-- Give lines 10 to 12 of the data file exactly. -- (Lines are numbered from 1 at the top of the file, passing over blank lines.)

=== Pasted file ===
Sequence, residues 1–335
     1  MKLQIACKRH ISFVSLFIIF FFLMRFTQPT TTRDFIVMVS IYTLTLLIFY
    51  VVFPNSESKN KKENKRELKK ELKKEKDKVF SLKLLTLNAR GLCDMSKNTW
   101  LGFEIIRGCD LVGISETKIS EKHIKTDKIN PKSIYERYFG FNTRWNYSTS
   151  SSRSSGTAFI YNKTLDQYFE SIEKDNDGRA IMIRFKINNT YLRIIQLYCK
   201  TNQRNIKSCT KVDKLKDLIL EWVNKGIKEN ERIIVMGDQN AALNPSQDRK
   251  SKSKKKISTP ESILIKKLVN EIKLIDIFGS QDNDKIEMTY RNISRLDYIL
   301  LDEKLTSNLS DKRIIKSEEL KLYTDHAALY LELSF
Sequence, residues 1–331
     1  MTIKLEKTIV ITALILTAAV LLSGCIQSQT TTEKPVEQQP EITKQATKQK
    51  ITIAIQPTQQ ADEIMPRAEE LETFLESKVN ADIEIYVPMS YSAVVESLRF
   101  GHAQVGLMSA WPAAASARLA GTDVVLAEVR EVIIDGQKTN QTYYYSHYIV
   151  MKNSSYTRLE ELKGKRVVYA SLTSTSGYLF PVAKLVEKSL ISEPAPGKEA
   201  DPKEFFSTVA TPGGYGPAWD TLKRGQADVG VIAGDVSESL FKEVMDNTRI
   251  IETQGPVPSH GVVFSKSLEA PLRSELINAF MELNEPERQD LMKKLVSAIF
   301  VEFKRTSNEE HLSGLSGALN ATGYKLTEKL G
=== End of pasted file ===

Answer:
     1  MTIKLEKTIV ITALILTAAV LLSGCIQSQT TTEKPVEQQP EITKQATKQK
    51  ITIAIQPTQQ ADEIMPRAEE LETFLESKVN ADIEIYVPMS YSAVVESLRF
   101  GHAQVGLMSA WPAAASARLA GTDVVLAEVR EVIIDGQKTN QTYYYSHYIV